I love the em dash. It's one of my favorite punctuation marks. It's also not the easiest one to break out at a moment's notice, and the usage is a little non-standard. I'll leave the usage up to you as googling it and finding out the various arguments for its use as dictated by the Chicago Manual of Style is out there in bulk. And it's on Wikipedia.
For this post, I'll just go over how various word processors make the durned thing. I have no illusions about Word's dominance, so it's up first.
In Word, there are a couple of ways to form the em dash. First, assuming that the autoformating is enabled (which, by default, it is), type a word followed by two hyphens (--) followed by the second word. As soon as you hit the space bar after the second word, the word processor will automatically replace it with an em dash. An alternate method is to press CTRL + ALT + Num -. This is the minus sign on the number pad, which is different from the hyphen and underscore key. Laptop users without a number pad will have to first turn on their num lock key, then find the minus sign on their regular keyboard (on my Thinkpad, it's the ; key). Obviously, having the autoformat is a much quicker way to form this punctuation. You can also go the insert symbol route, where it appears at the top of the special characters list (you can also specify a new shortcut here).
WordPerfect has something similar to Word, but instead of two hyphens, it's three (---), and it replaces themas soon as the first letter after the hyphens is typed. I find this more useful as it allows me to put a dash at the end of a line of dialogue followed by a closing quotation mark to indicate a speaker has been cut off or interrupted.
For the GoogleDocs users, there's no easy shortcut. You need to go into it from the menus: Insert > Special Characters. Left drop down select Punctuation. Right drop down select Dash/Connector. Em Dash is dead center (not the Horizontal Bar as they're typographically different).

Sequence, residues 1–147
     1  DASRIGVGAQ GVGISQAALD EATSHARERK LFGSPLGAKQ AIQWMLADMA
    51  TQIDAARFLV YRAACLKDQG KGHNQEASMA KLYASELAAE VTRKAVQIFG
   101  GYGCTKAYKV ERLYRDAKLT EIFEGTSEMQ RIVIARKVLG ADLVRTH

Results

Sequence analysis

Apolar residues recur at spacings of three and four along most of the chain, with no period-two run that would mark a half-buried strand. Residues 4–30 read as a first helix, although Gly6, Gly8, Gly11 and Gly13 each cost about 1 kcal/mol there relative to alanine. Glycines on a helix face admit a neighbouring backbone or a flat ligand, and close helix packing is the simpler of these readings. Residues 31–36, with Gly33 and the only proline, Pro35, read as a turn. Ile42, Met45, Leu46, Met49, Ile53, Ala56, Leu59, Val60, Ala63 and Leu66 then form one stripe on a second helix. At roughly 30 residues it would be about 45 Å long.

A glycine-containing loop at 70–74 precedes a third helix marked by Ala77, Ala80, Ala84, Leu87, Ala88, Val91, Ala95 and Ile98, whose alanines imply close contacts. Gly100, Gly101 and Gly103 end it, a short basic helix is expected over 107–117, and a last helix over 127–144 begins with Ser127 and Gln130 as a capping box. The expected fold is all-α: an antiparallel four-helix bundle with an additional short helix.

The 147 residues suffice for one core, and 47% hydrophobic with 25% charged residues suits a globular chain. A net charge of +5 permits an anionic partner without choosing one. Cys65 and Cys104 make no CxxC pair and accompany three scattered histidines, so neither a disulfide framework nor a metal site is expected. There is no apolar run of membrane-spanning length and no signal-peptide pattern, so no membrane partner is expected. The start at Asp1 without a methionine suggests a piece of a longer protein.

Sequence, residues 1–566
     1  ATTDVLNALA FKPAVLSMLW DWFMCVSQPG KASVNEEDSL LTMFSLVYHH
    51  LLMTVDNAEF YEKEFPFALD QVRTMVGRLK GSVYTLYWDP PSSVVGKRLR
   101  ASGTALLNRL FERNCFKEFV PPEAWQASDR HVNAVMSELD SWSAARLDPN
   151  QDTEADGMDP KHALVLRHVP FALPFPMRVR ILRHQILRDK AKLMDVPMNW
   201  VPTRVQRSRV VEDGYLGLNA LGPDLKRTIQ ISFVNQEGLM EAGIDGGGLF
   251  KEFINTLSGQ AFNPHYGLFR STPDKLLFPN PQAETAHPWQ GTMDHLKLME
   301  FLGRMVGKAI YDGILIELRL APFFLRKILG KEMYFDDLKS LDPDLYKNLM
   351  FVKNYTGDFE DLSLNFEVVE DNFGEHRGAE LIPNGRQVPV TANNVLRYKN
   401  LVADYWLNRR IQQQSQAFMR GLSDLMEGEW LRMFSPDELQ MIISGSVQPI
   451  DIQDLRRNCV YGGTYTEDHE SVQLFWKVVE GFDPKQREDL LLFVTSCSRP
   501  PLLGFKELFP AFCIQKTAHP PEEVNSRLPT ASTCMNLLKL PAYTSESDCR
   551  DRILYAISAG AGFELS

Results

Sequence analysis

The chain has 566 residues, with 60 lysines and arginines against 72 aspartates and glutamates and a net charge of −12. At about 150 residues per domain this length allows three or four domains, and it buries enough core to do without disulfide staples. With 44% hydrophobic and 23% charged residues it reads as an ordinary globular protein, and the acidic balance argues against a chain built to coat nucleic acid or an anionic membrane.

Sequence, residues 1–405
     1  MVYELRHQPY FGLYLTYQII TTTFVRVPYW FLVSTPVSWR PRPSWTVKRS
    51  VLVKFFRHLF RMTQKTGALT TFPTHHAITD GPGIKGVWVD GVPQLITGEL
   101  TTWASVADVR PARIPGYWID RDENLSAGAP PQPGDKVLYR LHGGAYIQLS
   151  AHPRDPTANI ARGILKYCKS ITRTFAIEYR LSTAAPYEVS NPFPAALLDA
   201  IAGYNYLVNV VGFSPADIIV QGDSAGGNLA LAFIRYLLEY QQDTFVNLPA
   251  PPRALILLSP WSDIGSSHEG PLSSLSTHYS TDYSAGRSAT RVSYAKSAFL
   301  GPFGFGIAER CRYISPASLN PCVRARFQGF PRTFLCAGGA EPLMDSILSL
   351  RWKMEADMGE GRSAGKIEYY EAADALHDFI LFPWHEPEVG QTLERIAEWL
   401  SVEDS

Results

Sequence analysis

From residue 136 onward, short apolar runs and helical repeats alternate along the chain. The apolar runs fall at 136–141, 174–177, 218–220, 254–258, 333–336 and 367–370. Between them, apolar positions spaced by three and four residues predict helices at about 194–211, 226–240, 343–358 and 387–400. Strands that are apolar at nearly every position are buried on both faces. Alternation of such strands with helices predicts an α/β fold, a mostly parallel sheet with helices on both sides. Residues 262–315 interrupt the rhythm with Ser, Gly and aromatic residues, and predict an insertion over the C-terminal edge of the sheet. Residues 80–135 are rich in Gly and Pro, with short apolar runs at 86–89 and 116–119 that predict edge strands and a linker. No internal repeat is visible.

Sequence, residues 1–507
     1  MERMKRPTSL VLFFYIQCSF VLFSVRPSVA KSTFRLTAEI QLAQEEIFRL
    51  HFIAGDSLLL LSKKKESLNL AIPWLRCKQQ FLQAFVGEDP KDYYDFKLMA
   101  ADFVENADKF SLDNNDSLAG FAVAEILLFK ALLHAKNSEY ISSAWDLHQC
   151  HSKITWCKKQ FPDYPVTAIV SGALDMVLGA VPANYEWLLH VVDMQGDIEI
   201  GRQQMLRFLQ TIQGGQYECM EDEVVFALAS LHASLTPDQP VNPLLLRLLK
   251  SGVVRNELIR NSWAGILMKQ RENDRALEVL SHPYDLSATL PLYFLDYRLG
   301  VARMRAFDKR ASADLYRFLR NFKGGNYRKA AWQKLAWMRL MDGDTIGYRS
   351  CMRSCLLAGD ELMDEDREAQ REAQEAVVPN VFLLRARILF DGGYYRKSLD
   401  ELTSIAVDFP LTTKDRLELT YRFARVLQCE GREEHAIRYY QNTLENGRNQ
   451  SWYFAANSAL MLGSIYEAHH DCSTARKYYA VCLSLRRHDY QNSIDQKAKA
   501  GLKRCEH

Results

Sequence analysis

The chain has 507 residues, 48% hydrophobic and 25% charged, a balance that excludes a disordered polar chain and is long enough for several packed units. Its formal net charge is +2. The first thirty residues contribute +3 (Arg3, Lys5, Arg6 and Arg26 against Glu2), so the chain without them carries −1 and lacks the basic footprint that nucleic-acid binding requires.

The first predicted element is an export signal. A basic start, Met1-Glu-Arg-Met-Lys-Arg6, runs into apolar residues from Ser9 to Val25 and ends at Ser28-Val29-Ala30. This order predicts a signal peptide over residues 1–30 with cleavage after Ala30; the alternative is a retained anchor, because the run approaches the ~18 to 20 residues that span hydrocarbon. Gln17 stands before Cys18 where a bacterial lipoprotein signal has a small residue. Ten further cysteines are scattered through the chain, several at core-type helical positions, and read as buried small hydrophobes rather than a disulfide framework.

Last there are the ASCII, Unicode, and html methods, which are summarized in Wikipedia's Common Dashes
Remember that the em dash is your friend. Use it wisely; use it correctly; it will never let you down.
Wednesday, May 25, 2011
1001 Nights (4) Abraham (11) Adonis (4) Aphrodite (18) Apocalypse (6) Apollo (5) Arabian (4) Ares (2) Artemis (5) Arthur (12) Athena (7) Bard (1) Ben Slater (13) Bible (88) Boxing Day (6) Celtic (2) Character File (2) Chinese (1) Christian (6) Christmas (1) Conferences (30) creation myths (15) Criminalelement (11) Dark Business (15) Dark Winds (22) Demeter (10) Diomedes (6) Don Iverson (4) Eden (5) Enchanter (16) essay (9) Exploding Storm Rider Mystery (1) F3 (586) F³ (2) Fairhaven Club (6) Fairy Tales (20) Family (2) Flood Myth (8) Flynn (84) Greek (96) Greeks (1) Guest (1) Hades (10) Halloween Fall Formal (6) Hercules (9) Hestia (2) Hindu (2) History Prof (22) Holiday (12) Holiday Myths (6) Incan (1) Iranian (2) Jacob (13) Japanese (1) Job (21) Joseph (18) Judges (12) Knowledge Myths (3) Levite (12) Library (8) Life (123) Love Gods (4) M3 (253) M³ (1) map (13) Matt Allen (222) Medieval (7) Metamyth (5) Misc Flash (36) Mom (1) monthly chart (21) Movies (6) Myth Law (2) Myth Media (4) NaNoWriMo (22) Noah (5) noir (9) Noir Tales (1) Norse (10) Odyssey (8) Persephone (15) Perseus (14) Persian (1) Poseidon (1) Prometheus (8) publishing (24) ramble (113) Red Riding Hood (6) Review (1) Sam Faraday (53) Samson (14) Santa's Helper (3) Scavenger Hunt (20) Sci Fi (15) science (1) Serial (84) short story (14) Spotlight (8) Storm Riders (139) Teaching (136) Tech (18) Transformation (5) Travel (27) TV (10) TV Myth (1) Underworld (6) Unhappily (2) Vacation (15) vampires (18) W3 (11) WIP (20) Writing (166) Writing Tools (16) Zeus (21)